It is my hope that this new strategy in Afghanistan will help provide security and deny resources to the growing insurgency, giving Afghan security forces a chance to finish training with coalition forces and take control of their country. In the meantime, we will continue to work with the Government of Afghanistan and our international partners towards building an Afghanistan that is never again a safe haven for terrorists, is moderate and democratic, is capable of governing its territory and borders, and is respectful of the rights of all its citizens.

The Need for Success
Moving forward in Iraq and Afghanistan, we must bear in mind the consequences of failure. If we give up now, a weakened al-Qaeda would quickly rematerialize in both Iraq and Afghanistan. In Iraq, sectarian and tribal conflicts would reignite and escalate. Iran, a known supporter of terrorist groups including Hezbollah and Hamas, would emerge as the dominant regional power. Afghanistan would likely relapse into a series of bloody power struggles between terrorist-sympathizing Taliban supporters and increasingly powerful drug lords, the same conditions that allowed Afghanistan to become a safe-haven for al-Qaeda terrorists in the first place.

You may be asking yourself Ė why is this so important? What does all this have to do with me? For our communities, for our families, and for our way of life Ė the stakes could not be higher. As a father of three young children, I realize the importance of ensuring that Iraq and Afghanistan do not become the new bases for world-wide terrorist operations. In a post-9/11 world, we cannot let up in our fight against radical extremists - those that seek to end our way of life. The safety and security of our nation and the fate of the free world depends on it.

The Presidentís Fiscal Year 2010 Budget Request
President Obamaís FY2010 base budget requests $533.7 billion for the Department of Defense (DOD), a 4% increase over FY2009. It also requests an additional $205.5 billion to cover military operations in Iraq and Afghanistan through FY2010. I applaud the Presidentís efforts to budget honestly for the costs of Iraq and Afghanistan, and his commitment to tackle the Pentagonís bloated and inefficient weapons development and acquisition process. However, I am concerned about the lack of attention given to the rising costs of DOD healthcare, whose accelerating growth rate puts the safety of our troops at risk over the long term.

While there are many ways to streamline the DOD budget, Congress must not forget its promises to our troops, our veterans at home, and the families of all who serve. Our troops overseas must be provided with the tools they need to complete their mission and return to their families as soon as possible, and we must also work to ensure our veterans and the families of all service members receive the care, support, and services they need in a timely, convenient, and efficient manner.

Fulfilling our Commitment to our Troops
The brave soldiers who are serving our country in Operations Iraqi Freedom and Enduring Freedom have made tremendous personal sacrifices in order to make the world a safer place. I am grateful to our troops for their service, and I am working to provide them with the equipment they need to achieve their missions safely and effectively and return to their families as soon as possible. Congress must also ensure that the families of these courageous individuals are thanked and cared for while their loved ones are away. On September 30, 2008, the President signed the Fiscal Year 2009 Continuing Appropriations Act, which contains $487.7 billion for DOD programs through March 2009. The bill contains the following provisions:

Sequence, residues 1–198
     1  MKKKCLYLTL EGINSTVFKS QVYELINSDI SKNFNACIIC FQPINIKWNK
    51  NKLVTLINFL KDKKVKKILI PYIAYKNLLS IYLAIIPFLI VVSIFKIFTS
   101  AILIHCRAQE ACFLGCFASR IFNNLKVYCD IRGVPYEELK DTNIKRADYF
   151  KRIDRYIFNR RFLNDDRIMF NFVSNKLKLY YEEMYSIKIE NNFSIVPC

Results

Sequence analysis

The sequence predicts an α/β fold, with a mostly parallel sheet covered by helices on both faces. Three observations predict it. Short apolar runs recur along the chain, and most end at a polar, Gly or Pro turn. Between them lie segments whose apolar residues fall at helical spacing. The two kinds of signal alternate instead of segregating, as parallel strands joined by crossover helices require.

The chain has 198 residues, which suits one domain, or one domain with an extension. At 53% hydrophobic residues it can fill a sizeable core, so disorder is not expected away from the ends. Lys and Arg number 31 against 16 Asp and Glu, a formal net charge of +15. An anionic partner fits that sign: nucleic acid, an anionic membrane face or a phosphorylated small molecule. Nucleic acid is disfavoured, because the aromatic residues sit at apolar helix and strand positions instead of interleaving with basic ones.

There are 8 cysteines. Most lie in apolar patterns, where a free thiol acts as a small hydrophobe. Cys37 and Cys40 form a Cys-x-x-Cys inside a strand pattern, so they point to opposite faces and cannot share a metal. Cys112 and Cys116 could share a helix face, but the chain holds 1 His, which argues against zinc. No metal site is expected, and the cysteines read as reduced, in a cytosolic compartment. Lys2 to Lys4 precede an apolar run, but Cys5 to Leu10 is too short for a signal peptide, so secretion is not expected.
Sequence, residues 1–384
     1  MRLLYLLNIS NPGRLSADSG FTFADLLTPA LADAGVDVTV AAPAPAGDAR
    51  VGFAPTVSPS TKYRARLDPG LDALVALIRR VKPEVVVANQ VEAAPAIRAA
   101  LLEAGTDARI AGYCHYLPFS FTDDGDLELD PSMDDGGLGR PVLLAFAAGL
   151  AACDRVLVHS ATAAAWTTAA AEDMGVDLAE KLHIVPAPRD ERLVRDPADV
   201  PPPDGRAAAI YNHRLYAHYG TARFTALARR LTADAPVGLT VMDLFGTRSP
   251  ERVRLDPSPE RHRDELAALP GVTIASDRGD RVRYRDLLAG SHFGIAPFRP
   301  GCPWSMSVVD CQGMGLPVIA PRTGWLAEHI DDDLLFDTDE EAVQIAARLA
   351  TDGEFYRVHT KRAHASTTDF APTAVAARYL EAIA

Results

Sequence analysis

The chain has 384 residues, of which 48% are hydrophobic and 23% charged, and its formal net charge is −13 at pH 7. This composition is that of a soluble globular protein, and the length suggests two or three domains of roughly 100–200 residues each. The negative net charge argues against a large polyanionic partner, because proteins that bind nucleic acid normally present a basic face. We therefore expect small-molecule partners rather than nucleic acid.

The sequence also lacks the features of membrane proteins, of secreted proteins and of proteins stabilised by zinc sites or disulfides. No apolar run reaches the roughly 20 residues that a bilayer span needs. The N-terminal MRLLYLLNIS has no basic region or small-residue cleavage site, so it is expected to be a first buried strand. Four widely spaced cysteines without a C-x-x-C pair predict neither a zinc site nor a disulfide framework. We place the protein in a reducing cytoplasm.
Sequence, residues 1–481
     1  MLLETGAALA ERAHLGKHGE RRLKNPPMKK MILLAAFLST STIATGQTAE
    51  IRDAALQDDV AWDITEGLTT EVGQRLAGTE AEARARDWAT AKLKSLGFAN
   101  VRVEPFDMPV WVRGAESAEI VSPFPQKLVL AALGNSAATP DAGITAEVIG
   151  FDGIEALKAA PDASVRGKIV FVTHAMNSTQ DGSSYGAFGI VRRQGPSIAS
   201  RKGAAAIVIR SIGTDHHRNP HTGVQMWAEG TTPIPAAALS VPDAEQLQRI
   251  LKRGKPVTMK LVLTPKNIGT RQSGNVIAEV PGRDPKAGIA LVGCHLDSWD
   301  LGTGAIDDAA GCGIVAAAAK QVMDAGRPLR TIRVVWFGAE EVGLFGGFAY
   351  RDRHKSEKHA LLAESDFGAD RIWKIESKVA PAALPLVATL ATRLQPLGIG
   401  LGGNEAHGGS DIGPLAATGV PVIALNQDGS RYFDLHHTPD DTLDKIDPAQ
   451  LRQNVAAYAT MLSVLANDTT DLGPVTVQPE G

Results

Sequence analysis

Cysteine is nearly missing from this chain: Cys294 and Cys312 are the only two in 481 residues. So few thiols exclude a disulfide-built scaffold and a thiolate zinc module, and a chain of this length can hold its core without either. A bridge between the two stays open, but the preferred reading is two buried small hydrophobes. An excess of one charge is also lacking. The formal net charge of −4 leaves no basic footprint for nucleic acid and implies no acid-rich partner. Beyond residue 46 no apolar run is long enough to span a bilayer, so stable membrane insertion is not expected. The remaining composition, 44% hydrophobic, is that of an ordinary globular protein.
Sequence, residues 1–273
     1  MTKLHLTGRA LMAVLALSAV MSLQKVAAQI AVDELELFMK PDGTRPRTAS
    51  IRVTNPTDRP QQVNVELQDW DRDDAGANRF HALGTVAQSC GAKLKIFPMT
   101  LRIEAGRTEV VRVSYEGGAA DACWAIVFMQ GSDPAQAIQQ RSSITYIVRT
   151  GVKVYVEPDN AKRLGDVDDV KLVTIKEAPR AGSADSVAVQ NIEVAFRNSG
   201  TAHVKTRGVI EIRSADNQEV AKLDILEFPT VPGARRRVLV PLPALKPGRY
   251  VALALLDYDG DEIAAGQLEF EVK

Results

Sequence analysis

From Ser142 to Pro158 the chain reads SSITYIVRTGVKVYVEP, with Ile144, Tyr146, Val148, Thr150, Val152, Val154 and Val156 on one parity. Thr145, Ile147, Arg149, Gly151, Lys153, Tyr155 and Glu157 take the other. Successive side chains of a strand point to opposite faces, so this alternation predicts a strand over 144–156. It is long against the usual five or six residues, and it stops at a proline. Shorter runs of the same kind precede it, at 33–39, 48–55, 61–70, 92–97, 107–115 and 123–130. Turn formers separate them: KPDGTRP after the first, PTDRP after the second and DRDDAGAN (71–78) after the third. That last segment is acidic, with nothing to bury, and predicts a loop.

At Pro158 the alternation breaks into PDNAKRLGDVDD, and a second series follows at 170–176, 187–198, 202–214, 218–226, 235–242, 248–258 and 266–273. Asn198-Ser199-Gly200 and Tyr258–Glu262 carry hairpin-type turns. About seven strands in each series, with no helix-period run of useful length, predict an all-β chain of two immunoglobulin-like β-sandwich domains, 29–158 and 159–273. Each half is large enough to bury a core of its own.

Military Pay Raise: provisions were added to provide a 3.5% pay increase to our military, a 0.5% increase over the Presidentís request.

Stop-Loss Compensation: Provides $72 million for service members held on active duty past their enlistment date under a "Stop Loss" order. Affected soldiers in FY2009 can receive up to an additional $500 per month.

TRICARE Fee Hikes Rejected: For the third year in a row, Congress rejected Administration proposals to raise fees and copayments for retirees who participate in TRICARE.

MRAP Vehicles: $2.6 billion of emergency funding was included for remaining requests for Mine Resistant Ambush Proof (MRAP) Vehicles in Iraq and Afghanistan.

No Permanent Bases in Iraq: Prohibits funds from being used to construct permanent bases in Iraq or to exercise control over oil resources in Iraq.

In addition, President Bush requested an additional $162.4 billion for FY2008 operations in Iraq and Afghanistan, along with a bridge-fund for FY2009 operations, in the form of an emergency supplemental appropriation bill from Congress. Despite disagreements about some of the policy inserted into the legislation by House Leadership, Congress eventually passed and the President signed into law a bill appropriating $202 billion to cover both the Presidentís war funding request and billions of dollars of unrelated spending through March 2009.

As Congress works with the Obama Administration to scale down operations in Iraq and refocus our efforts in Afghanistan, I will continue working to provide our troops with the tools, equipment, and supplies they need to complete their mission and return home as soon as possible.

Additional Information.
For more information on the war on terrorism, please refer to the following web sites: 

U.S. Department of Defense: www.defenselink.mil  

Support Our Troops - How You Can Help: http://www.americasupportsyou.com/americasupportsyou/help.html

 

 

http://house.gov/ryan

 

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Last updated 15 April 2009